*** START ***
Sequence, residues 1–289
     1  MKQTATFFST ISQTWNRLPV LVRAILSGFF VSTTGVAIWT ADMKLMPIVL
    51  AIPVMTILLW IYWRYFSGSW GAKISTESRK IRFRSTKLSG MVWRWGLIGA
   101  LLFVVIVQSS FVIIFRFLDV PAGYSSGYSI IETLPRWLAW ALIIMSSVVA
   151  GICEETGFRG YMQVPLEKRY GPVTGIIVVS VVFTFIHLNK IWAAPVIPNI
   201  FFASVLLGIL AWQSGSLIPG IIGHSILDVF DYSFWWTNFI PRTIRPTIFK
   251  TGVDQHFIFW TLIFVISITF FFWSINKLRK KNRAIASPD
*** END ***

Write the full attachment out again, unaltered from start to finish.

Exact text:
Sequence, residues 1–289
     1  MKQTATFFST ISQTWNRLPV LVRAILSGFF VSTTGVAIWT ADMKLMPIVL
    51  AIPVMTILLW IYWRYFSGSW GAKISTESRK IRFRSTKLSG MVWRWGLIGA
   101  LLFVVIVQSS FVIIFRFLDV PAGYSSGYSI IETLPRWLAW ALIIMSSVVA
   151  GICEETGFRG YMQVPLEKRY GPVTGIIVVS VVFTFIHLNK IWAAPVIPNI
   201  FFASVLLGIL AWQSGSLIPG IIGHSILDVF DYSFWWTNFI PRTIRPTIFK
   251  TGVDQHFIFW TLIFVISITF FFWSINKLRK KNRAIASPD